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accustomed, as we know, to look for a visible and glorious Messiah. To believe, without seeing, was the lesson they had to learn; and it was a magnificent support to their faith this fact, that the apostle, who taught them, had, with his two companions, seen, with their own eyes, the glory of Christ manifested — had seen it displayed before them, together with that of former saints who shared His kingdom. At that time Jesus received, in testimony, from God the Father honour and glory; a voice addressing Him from the excellent glory — from the cloud which was, to a Jew, the well-known dwellingplace of the Most High God--owning Him as His wellbeloved Son; a voice which the three apostles also heard (even as they saw His glory), when they were with Him on the holy mount.
We see that it is here the glory of the kingdom, and not the dwelling in the Father's house for ever with the Lord. It is a manifestation to men living on the earth; it is the power of the Lord, the glory which He receives from God the Father as the Messiah, acknowledged to be His Son, and crowned with glory and honour before the eyes of the world. It is into the everlasting kingdom that the apostle wishes them to have an enlarged entrance. It is the power and glory, that Christ received from God
, which the apostle saw, and to which He bears testimony. We shall, indeed, have this glory, but it is not cur portion, properly so called; for that is within the house, to be the Bride of the Lamb, and it does not display itself to the world. With regard, however, to the Church, the two things cannot be separated; if we are the Bride, we shall assuredly participate in the glory of the Kingdom. To the Jew, who was accustoined to look for this glory (whatever might be his ideas respecting it), the fact of the apostle's having seen it, was of inestimable importance. It was the heavenly glory of the kingdom, as it shall be manifested to the world; a glory that shall be seen when the Lord returns in power. Compare Mark ix. 1. It is a communicated glory which comes from the excellent glory. Moreover, the testimony of the prophets relates to the manifested glory; they spoke of this kingdom and glory, and the brightness of the transfiguration was a splendid confirmation of their words. We have, says the apostle, the words of the prophets confirmed. Those words proclaimed indeed the glory of the kingdom which was to come, and the judgment of the world, which was to make way for its establishment on earth. This announcement was a light in the darkness of our world; truly a dark place, that had no other light than the testimony which God had given, through the prophets, of that which shall happen to it, and of the future kingdom, whose light shall finally dispel the darkness of separation from God, in which the world lies. Prophecy was a light that shone during the darkness of the night (but there was another light for those that watched).
For the remnant of the Jews, the Sun of righteousness should rise with healing in His wings; the wicked should be trodden as ashes under the feet of the righteous. The Christian, instructed in his own privileges, knows the Lord in a different way from this, although he believes in these solemn truths. He watches during the night, which is already far spent. He sees in his heart, by faith, the dawn of the day, and the rising of the bright star of the morning. He knows the Lord as they know Him who believe in Him before He is manifested, as coming for the pure heavenly joy of His own, before the brightness of the day shines forth. They who watch see the dawn of day; they see the morning star. Thus we have our portion in Christ not only in the day, and as the prophets spoke of Him, which all relates to the earth, although the blessing comes from on high; we have the seciet of Christ and of our union with Him. and of His coming to receive us to Himself as the Morning Star, before the day comes. We are His during the night; we shall be with Him in the truth of that heavenly bond which unites us to Him, as set apart for Himself while the world does not see Him. We shall be gathered to Him before the world sees Him, that we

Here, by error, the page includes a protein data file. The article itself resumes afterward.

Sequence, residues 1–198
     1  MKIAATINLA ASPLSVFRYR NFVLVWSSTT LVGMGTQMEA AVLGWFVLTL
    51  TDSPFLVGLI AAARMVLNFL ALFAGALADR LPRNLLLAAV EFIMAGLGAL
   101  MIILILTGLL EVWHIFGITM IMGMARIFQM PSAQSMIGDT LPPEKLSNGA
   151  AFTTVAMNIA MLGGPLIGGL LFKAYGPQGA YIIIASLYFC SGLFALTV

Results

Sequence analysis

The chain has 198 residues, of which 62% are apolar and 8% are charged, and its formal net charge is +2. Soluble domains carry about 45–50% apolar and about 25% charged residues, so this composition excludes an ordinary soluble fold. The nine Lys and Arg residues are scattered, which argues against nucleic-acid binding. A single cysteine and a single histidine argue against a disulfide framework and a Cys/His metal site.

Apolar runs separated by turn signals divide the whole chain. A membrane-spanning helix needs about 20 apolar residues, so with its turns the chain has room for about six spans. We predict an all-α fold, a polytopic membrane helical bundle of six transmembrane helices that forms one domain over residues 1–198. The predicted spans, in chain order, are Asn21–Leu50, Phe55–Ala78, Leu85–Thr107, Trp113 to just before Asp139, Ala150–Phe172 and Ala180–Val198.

b This is the construction of the sentence: “We have also the prophetic word confirmed, in giving heed to which ye do well (as to a light shining in a dark place), until the day shall dawn, and the morning star arise in your hearts.”
may enjoy Himself, and in order that the world may see us with Him when He appears.
The joy of our portion is, that we shall be with Him. self; " for ever with the Lord.” Prophecy enlightens the Christian, and separates him from the world, by testimony to its judgment, and to the glory of the coming kingdom. The testimony of the Spirit to the Church does this by the attraction of Christ Himself, the bright Morning Star, our portion while the world is still buried
The bright morning star is Christ Himself, when (before the day, which will be produced by His appearing) He is ready to receive the Church, that she may enter into His own peculiar joy. Thus it is said, Rev. xxü. 16, “I am the bright and morning star.” This is what He is for the Church, as He is the root and offspring of David for Israel. Consequently, as soon as He says " the morning star,” the Spirit who dwells in the Church, and inspires her thoughts, and the Bride, the Church itself, which waits for her Lord, say ** Come!" Thus, in Rev. iii. 28, the faithful in Thyatira are promised by the Lord that He will give them the morning star, that is to say, joy with Himself in heaven. The kingdom and the power had been already promised them, according to Christ's own rights (ver. 26, 27); but the Church's proper portion is Christ Himself